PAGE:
Dynamic Equalization

Example #1

The hi-hat can sound slightly aggressive and sometimes overshadow some of the other music.

Using traditional tools, you could use an EQ to insert a notch filter to cut somewhere around 5 k and adjust the Q (width of the band) appropriately. This lets you attenuate the hi-hat slightly.

Dynamic EQ provides an ideal solution.

  • Insert a notch filter at 5K and a Q=1 which is about 4 to 6 K.
  • The compressor settings for 5K Hz is Attack @ 0.5ms and Release @ 20ms.
  • Now, you can precisely affect only the frequencies where the hi-hat resides, cutting with this filter dynamically as the hi-hat is active.
  • This solution is transparent because of its deep control in both frequency and time.

Example #2

Subtle Shine

Sometimes the mix is missing some brightness that needs to be boosted during a performance.

With a dynamic EQ, you can boost more aggressively without overloading the listener.

  • Use a shelf filter (HS12) for 3K Hz.
  • The compressor settings for 3K Hz is Attack @ 0.5ms and Release @ 20ms to adapt to the song, backing off slightly as elements like cymbals and snares emerge.
  • You can boost the top end of your song beyond where a static EQ filter would allow, while not introducing a harshness to your master.

Unique Features of Dynamic EQ

Inverse Mode

The previous examples, the DEQ acted like a multiband compressor: As audio exceeds the threshold, boosts and cuts are reduced, thus compressing the dynamic range of the affected frequencies. However, you can also flip this logic so that the filters respond more like an expander. In inverse mode, boosts and cuts occur as signals exceed the threshold increasing them the further they do.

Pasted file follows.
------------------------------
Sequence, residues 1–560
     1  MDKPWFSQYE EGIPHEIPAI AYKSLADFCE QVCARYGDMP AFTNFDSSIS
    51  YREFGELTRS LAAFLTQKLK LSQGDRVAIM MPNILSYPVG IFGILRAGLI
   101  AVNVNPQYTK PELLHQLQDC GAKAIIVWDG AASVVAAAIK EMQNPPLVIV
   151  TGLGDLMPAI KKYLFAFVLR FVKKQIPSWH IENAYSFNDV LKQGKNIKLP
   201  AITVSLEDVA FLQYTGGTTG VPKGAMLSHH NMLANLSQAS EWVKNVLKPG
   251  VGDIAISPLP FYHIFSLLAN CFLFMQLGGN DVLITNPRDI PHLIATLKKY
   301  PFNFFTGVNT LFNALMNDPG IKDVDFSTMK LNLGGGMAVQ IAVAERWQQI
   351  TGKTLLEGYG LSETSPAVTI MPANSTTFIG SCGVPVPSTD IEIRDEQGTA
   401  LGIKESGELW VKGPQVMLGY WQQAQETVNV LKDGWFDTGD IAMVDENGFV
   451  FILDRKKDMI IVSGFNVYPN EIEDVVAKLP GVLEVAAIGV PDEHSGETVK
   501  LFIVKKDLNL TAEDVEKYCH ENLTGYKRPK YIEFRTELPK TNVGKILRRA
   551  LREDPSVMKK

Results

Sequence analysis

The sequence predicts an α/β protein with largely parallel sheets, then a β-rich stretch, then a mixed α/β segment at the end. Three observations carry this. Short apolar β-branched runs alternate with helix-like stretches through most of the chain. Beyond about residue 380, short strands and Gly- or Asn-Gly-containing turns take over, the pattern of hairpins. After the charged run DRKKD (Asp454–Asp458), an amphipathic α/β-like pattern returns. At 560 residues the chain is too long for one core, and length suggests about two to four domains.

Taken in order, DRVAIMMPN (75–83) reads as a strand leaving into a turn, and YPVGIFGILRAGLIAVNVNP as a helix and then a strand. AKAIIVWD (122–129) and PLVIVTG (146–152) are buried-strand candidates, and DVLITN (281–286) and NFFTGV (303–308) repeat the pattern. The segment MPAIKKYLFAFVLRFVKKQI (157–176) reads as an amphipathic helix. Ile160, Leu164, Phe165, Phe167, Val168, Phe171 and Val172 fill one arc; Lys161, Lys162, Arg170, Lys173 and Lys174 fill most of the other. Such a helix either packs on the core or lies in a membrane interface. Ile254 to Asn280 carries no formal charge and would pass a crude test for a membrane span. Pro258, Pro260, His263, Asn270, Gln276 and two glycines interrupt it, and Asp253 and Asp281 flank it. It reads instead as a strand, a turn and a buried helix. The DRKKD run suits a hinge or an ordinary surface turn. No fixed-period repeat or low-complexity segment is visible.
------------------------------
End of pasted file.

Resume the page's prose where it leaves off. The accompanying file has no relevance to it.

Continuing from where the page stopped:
If you wanted to bring out the snare in a mix, you could adjust a filter to boost at the appropriate frequency and set the dynamic settings to respond to the level of the snare hits. Now, the boosting filter will only activate when the snare is present, thus expanding the dynamic range of these frequencies. (Conversely, a cutting filter in the same scenario would only attenuate these frequencies when the snare wasn’t present, acting much like a gate.)

Static Gain Offsets

An additional feature you’ll find on many dynamic EQs is the ability to boost and cut gain both statically and dynamically with the given filters. As dynamic EQs often share many paradigms of EQs and are used in similar ways, it is sometimes useful to make a more traditional boost or cut with a filter as well as dynamically controlled boosts and cuts to ensure certain results.

For example, if you’re looking to boost the top end of your mix as in the Subtle Shine example above, you may want to ensure that the shelf filter is continuously or statically boosting 1dB and dynamically boosting between 1 and 3 dB. These static gain offsets give you much greater control over how dynamic filters behave.

Although we’ve provided some specific use cases, dynamic EQs are beneficial any time you’re looking to process your audio transparently—in other words, you’re looking to solve a problem or achieve an effect in a way that the processing has no artifacts and is unperceivable to the listener. We hope you’ve found these guidelines useful, and we encourage you to fully explore the capabilities of a dynamic EQ yourself.

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